Few horror TV shows are truly terrifying. I remember watching Six Feet Under as a kid and being very scared. By all means, that show was a family drama, but it tackled an aspect of death that was more gruesome than dying. The idea of a coffin caving in with a corpse inside it was something I hadn’t realized could happen, but at some point in the show, I’m sure it did. The series ruined funerals for me forever. They were no longer solemn courtesies to the dead and the left behind, but instead, disasters waiting to happen. For a show where ghosts were a mere afterthought, it scared me to the point of nightmares, and there hasn’t been a show that was able to do that since, until The Haunting of Hill House.
Netflix Original Series The Haunting of Hill House is a slow burning family horror-drama, not unlike Six Feet Under, but with more elements and references than one could count. You could even argue that it tries to be everything all at once, but with the central theme of family binding it, the story remains intact even with all the bells and whistles. It does bare some flagrant similarities with popular classics and lesser-known favorites, but Hill House proves that it’s more than just a sum of other tales through its plot and complicated manner of unraveling, which is not for the impatient or the faint of heart.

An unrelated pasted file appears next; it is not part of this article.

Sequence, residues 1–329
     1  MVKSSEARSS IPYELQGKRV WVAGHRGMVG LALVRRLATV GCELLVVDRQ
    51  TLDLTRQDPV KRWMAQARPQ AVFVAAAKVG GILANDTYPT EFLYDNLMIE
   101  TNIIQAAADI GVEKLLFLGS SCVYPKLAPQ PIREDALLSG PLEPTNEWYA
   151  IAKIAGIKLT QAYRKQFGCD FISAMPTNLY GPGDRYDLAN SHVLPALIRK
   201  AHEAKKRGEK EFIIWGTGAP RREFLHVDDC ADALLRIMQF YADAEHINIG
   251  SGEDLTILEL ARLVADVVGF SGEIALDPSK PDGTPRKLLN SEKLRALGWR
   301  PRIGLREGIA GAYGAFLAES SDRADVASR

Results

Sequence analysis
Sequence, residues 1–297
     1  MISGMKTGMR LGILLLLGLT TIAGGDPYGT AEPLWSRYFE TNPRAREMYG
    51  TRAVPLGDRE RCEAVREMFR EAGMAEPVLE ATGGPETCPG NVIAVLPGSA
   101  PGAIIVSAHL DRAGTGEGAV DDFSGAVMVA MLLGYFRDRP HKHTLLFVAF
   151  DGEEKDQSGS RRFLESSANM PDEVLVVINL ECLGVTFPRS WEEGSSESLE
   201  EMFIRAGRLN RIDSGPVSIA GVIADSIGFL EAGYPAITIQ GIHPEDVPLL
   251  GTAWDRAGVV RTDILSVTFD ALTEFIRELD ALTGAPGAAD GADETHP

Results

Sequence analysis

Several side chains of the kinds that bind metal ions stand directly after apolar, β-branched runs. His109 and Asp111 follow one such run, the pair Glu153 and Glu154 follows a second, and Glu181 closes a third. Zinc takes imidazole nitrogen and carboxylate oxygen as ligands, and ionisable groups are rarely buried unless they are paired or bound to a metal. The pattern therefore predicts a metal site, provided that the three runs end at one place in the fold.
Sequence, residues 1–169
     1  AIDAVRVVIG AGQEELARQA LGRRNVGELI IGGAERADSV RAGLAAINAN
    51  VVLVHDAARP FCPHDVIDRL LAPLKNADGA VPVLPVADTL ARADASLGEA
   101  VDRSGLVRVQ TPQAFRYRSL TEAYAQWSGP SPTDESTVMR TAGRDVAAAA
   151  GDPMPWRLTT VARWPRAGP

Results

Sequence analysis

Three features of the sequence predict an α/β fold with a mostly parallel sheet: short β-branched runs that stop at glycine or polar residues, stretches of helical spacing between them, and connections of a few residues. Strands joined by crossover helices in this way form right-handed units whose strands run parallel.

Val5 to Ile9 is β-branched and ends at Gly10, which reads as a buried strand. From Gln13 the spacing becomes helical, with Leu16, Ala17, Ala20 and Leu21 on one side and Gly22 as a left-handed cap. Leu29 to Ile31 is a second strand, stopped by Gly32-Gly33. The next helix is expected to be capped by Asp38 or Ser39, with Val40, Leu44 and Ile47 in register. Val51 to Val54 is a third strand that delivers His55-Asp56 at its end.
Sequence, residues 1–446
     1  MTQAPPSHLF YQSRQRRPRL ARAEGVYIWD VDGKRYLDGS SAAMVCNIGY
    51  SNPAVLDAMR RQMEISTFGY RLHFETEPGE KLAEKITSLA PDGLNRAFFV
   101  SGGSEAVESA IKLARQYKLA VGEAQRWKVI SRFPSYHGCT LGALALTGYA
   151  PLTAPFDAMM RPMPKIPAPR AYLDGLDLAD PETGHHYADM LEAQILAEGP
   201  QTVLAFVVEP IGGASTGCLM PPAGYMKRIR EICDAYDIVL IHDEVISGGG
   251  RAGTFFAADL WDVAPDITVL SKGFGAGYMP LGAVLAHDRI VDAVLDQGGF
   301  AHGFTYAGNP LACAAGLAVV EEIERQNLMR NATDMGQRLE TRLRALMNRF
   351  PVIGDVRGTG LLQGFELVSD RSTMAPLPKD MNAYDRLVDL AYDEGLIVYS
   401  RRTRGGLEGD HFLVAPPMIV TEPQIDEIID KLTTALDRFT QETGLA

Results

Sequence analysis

ESCAPE FROM HAUNTED MANSION
The Haunting of Hill House is simultaneously about a family that moves into a haunted house, and the same family later in life, still haunted by the memories of their old home. The story moves between the past and the present, from a young couple with five kids happily exploring their new home and slowly becoming aware of what’s in it, to the siblings all grown-up and damaged, still dealing with their shared — but not identical — childhood trauma. In the same way, it swings between supernatural and profoundly human problems, from angry ghosts and imaginary friends to mental illness and loneliness.
The question that is slowly and painstakingly answered is: What really happpened that night at Hill House? The show avoids any conclusions, episode after episode, by taking the viewer on a rollercoaster ride of deaths, supernatural sightings, and bits of clues from the past. It leaves breadcrumbs for the viewer to follow, but because of its nonlinear format, manages to milk the storyline for 10 whole episodes. One character gets a little meta and justifies this with the line, “Time is not linear,” which was unnecessary and bothersome. No horror movie should ever explain itself, and having the luxury of episodes does not mean you get to fill it up with an eloqution.
TRICKS AND TREATS
Still, every minute is a must-watch. You can’t look away. If you have to pee, pause the darn thing. Hill House succeeds at telling the story at a pace that is at once painfully slow and almost a little too fast. Dialogue goes around in circles so much that it almost comes off as a desperate ploy to make things exciting but instead drags it on — email me when you get to the scene where the dad is “questioned” by a police officer in a holding room and tell me if that’s not beating around the bush. Then again, more often then not, it’s blink and you miss the most important clue you’re ever going to get. I guess that’s what happens when you’re treading parallel timelines, both on-screen and off — you can’t wait for things to happen but sometime else they already did.